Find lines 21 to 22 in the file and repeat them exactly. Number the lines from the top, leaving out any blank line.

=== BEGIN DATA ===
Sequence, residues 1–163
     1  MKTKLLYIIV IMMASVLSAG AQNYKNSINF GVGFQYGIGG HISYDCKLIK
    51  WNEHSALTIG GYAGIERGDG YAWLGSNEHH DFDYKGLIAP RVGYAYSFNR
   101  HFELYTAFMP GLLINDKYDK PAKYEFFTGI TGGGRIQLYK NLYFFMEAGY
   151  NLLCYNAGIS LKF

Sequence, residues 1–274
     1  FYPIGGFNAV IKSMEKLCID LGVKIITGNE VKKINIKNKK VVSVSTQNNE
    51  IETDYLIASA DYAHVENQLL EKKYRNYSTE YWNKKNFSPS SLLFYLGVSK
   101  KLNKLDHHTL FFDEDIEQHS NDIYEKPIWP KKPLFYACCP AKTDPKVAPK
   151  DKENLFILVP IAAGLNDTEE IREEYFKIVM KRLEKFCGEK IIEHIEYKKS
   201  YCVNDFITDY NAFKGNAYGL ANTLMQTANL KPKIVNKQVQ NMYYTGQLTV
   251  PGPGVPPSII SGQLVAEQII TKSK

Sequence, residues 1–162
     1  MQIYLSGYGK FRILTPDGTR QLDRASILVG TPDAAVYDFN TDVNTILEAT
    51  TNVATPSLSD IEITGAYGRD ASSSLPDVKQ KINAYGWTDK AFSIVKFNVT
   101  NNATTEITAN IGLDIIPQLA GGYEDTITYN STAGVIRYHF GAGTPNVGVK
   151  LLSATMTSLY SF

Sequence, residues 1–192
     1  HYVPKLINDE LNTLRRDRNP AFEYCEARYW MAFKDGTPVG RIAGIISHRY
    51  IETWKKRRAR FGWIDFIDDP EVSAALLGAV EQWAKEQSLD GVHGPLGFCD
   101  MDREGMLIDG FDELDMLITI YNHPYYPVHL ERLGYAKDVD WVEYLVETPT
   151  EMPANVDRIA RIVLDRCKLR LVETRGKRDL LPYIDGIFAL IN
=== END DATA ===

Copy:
   101  MDREGMLIDG FDELDMLITI YNHPYYPVHL ERLGYAKDVD WVEYLVETPT
   151  EMPANVDRIA RIVLDRCKLR LVETRGKRDL LPYIDGIFAL IN